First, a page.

So, off we go with Bob, wearing a dark shirt opened to his chest with his signature gold pendant and leather pants on a private tour which ended up in his office on the 4th floor of the Penthouse Mansion reachable only by private elevator. I didn’t see him use a  key or combination. Maybe he had an IR blaster.  These are the kind of elevators old mansions usually have that have been working for a hundred years. But this was the Penthouse Mansion so I’m sure it was refurbished to exact replicas of inside some castle and extremely safe. It opened to a hallway that was rather dark until he opened the door to his huge dark office. There, propped up against every available wall space, where at least a hundred paintings bathing in the red glow coming from a lamp that hung from the ceiling above Guccione’s’ huge antique hand-carved wooden desk. Maybe the red light was good for paintings. That never occurred to me. I associated it with the Penthouse lifestyle. Wrong! It was an unusual office but something not unexpected for a man like Bob or the “Knights of the Round Table.” The huge old wooden panels that surrounded the entire office were breathtaking.

The big red light over his desk provided faint illumination of the paintings against the wall so he switched on the main light. Gasp.  Jaws dropped. There, packed tightly into every available space on each handcrafted ancient dark wooden wall we were surrounded by what seemed to be a collection of all the world’s masters.  Neither of us had ever seen a collection like this up close other than in the major art museums.

In one corner of the room was his desk with a subdued red light above. When our eyes adjusted we were stunned!  Degas, Picasso, Amedeo Modigliani and a Pablo Picasso portrait of the artist’s son, Paulo. Paintings by Sandro Botticelli, Albrecht Dürer, El Greco, Marc Chagall, Salvador Dalí, Giorgio de Chirico, Edgar Degas, Fernand Léger, Gilbert Stone, Henri Matisse, Jules Pascin, Camille Pissarro, Pierre-Auguste Renoir, Georges Henri Rouault, Chaïm Soutine, and Vincent van Gogh all lined up around the walls of the entire 40+ foot office.  We walked slowly around the room taking in this once in a lifetime experience savoring over every brush mark as we continued to stop, look, mouths agape, and slowly working our way around the square of the office. Bob said they were going to be shipped to an art exhibit in crates in the next few days. It took a few minutes to recover.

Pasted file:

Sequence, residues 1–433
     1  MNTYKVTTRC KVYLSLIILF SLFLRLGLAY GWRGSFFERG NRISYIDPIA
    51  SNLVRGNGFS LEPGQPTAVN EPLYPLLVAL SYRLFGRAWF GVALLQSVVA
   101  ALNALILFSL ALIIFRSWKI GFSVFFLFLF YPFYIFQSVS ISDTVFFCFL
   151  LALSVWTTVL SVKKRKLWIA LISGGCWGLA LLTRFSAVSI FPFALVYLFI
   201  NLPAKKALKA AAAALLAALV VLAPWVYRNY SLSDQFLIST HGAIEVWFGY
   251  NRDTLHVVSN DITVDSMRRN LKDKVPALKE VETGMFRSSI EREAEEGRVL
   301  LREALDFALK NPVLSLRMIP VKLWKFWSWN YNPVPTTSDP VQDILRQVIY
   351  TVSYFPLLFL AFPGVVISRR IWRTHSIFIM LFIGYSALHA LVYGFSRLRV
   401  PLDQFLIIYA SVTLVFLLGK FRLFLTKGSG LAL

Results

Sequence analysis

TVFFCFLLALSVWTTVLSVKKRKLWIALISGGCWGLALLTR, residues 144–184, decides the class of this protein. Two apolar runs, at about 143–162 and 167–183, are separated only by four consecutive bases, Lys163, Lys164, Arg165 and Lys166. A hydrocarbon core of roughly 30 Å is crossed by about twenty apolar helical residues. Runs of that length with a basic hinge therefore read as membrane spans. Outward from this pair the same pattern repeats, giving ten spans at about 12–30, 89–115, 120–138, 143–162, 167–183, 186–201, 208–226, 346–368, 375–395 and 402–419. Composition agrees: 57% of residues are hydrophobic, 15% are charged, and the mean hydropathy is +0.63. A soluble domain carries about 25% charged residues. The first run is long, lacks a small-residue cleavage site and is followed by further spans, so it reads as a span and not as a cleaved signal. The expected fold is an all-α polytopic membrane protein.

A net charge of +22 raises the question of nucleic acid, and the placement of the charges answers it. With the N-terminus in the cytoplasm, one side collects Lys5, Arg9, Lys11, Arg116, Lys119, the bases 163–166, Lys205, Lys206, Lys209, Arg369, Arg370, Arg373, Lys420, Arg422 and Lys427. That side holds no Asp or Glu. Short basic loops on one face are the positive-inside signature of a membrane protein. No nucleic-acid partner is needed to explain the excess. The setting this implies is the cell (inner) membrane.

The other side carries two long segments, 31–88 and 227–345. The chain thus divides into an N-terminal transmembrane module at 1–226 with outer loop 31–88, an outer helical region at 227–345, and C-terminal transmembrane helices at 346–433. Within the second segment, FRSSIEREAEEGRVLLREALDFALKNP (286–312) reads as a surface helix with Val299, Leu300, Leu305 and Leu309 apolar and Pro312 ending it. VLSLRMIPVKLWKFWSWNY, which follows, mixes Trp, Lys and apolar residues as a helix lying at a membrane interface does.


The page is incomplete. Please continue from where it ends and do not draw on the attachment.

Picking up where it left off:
Still, in shock, Bob said to us,  “The wood from the walls were imported from a castle in Scotland”.  He really took great pride in having them disassembled from the castle and reworked into his office decor.We didn’t realize it but the value of his art collection at that time was valued at 49 million dollars USD and Bob was having financial troubles so he may have been selling the artwork at auction in batches. The Penthouse Mansion on Central Park cost over 26 million USD to build. This was before his financial troubles. After his death, it was eventually sold to a hedge fund owner. See history below.

After the tour of the room, Bob graciously took my Windows User Group business card we quickly traded pleasantries and a few ideas of how we might work together in the future. I didn’t realize that his empire was starting to crumble and that his wife and best friend Kathy would eventually be diagnosed with terminal breast cancer.